Patient Initiated Emergency Response System (PIERS)

More than one million Americans will suffer an acute myocardial infarction (AMI) this year. Within the first 60 minutes of chest pain, 250,000 will die. Before reaching any medical attention, a total of 375,000, (one-third) will die. Current studies strongly suggest that time-to-treatment is an important predictor of mortality in AMI and efforts aimed at reducing the delay between AMI onset and therapy can reduce mortality significantly. Thus, strategies having even a small relative benefit in the pre-hospital phase of AMI result in a large reduction in mortality, because of the staggering number of individuals at risk.

The overall objective of the PIERS system is the use of technology to lower the barrier between the acute coronary syndromes (ACS) patient and his entry into the medical system, by reducing delays in the three stages where delay can occur. These stages are as follows: Stage I: Patient and bystander recognition of the symptoms and signs of ACS Stage II: Pre-hospital action by emergency medical services providers Stage III: Actions by health care providers at the hospital to identify and treat patients with ACS The underlying, basic concept of PIERS is to bring critical parts of the Emergency Department to the patient in a simple, rapid, reliable, inexpensive, non-threatening way that lowers the barrier to entry into the medical treatment system. This effort must be integrated seamlessly with the current EMS and 911 system, and not become an additional cause of delay between symptom onset and treatment. The JHU/APL PIERS technology is a remote patient monitoring system for at-risk coronary artery disease patients. The PIERS system uses a 12 lead harness to provide better data and a market advantage versus existing systems. PIERS provides a comprehensive system that includes a patient’s information such as medical history, current medication, and baseline ECG. The PIERS system automatically links with pre-established physician consultants, ambulance dispatchers, and emergency rooms if a serious condition is detected and then forwards to them the patient’s relevant information. Current technologies lack the ability to use assessment of Events (Heart Attack) with dispatch and link to emergency services to provide a value-added component over a simple monitoring mode. The system could be applicable to many patient environments including – home care, assisted living, nursing situations – allowing independent living for at-risk patients. Also, the PIERS system might be applicable to other medical situations involving monitoring patients (ECG and BP) during medication trials and dosage adjustments.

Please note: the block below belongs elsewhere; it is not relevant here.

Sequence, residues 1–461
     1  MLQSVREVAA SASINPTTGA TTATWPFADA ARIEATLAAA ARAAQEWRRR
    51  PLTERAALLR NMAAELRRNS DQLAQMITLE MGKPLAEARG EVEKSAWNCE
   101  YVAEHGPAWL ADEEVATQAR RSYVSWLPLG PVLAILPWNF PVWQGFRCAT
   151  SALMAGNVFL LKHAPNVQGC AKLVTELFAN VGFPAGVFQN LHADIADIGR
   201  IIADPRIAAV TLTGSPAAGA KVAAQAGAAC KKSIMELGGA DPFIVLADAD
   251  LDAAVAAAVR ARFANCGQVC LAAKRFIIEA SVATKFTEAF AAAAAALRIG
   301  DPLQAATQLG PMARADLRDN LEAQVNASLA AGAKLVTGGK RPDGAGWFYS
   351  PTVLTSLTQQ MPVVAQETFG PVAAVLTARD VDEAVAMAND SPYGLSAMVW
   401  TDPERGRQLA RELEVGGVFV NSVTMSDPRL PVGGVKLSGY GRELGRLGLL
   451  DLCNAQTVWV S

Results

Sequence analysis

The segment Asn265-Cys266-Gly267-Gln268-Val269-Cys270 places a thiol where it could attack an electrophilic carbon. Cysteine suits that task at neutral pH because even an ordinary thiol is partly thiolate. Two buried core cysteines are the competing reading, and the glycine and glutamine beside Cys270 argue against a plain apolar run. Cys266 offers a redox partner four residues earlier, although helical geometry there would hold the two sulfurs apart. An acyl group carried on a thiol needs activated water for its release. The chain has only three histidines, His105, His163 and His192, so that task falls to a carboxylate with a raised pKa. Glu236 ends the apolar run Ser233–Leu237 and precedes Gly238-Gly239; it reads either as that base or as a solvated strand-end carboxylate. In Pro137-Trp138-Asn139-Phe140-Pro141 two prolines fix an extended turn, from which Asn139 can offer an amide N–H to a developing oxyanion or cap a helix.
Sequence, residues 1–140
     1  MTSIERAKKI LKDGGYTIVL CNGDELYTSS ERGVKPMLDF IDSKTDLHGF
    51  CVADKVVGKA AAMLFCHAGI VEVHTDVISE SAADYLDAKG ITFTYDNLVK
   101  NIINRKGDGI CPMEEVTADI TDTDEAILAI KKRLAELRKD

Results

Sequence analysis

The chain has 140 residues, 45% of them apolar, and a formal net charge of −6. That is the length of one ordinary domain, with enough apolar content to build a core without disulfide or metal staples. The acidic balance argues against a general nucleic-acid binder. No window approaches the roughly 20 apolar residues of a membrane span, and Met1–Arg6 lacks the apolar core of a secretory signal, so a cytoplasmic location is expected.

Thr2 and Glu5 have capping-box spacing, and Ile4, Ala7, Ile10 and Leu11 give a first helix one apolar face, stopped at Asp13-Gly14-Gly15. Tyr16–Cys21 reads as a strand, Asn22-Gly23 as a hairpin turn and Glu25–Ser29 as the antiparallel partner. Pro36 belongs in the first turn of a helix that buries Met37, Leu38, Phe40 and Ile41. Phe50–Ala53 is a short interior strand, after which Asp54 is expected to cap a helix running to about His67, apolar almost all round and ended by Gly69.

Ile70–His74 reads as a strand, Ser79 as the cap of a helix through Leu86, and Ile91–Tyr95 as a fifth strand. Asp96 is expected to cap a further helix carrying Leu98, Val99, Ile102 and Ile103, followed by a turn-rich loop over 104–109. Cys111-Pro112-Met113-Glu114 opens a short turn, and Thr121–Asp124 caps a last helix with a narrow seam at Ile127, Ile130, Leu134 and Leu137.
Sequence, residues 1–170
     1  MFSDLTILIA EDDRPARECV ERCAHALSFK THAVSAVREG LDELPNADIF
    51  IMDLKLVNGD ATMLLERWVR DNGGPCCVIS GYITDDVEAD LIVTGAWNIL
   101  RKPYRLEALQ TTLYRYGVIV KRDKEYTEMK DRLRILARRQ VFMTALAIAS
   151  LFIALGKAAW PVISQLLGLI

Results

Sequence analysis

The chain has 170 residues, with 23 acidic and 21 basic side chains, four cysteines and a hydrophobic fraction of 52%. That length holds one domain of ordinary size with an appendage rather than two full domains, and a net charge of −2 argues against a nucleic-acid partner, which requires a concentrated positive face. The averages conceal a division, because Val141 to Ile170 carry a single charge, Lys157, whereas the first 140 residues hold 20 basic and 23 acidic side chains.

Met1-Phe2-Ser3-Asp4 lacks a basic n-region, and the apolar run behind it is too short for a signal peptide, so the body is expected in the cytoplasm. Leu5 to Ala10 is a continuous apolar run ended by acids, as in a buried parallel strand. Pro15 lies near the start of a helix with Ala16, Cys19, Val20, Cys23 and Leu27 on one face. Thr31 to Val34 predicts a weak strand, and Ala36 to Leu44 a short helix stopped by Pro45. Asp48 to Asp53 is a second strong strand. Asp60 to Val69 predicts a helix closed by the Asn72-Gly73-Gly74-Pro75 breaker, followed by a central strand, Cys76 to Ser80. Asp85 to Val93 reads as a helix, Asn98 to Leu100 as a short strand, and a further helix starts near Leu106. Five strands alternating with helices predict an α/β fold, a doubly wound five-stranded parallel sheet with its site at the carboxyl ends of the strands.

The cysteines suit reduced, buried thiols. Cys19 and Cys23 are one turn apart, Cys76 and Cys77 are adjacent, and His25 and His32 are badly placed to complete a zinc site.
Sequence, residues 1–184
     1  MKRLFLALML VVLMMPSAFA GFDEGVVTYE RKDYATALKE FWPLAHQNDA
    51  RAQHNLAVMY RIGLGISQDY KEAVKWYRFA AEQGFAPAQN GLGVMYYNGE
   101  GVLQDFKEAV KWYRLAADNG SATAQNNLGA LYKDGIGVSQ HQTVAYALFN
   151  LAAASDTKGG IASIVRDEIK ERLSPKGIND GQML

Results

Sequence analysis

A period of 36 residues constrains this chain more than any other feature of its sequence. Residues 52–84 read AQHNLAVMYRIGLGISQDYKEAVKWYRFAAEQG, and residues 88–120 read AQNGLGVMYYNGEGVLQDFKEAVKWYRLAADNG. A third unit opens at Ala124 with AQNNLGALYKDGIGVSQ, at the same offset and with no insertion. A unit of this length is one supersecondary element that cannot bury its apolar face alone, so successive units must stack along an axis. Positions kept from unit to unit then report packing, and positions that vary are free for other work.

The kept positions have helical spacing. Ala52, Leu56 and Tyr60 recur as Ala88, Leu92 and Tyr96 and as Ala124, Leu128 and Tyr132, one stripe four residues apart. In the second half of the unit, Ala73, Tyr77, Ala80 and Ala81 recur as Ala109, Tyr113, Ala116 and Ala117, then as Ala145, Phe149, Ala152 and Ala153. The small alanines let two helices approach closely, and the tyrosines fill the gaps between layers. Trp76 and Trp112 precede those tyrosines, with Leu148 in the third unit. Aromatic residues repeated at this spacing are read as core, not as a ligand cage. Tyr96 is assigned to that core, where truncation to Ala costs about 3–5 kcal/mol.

Type of Offer: Licensing

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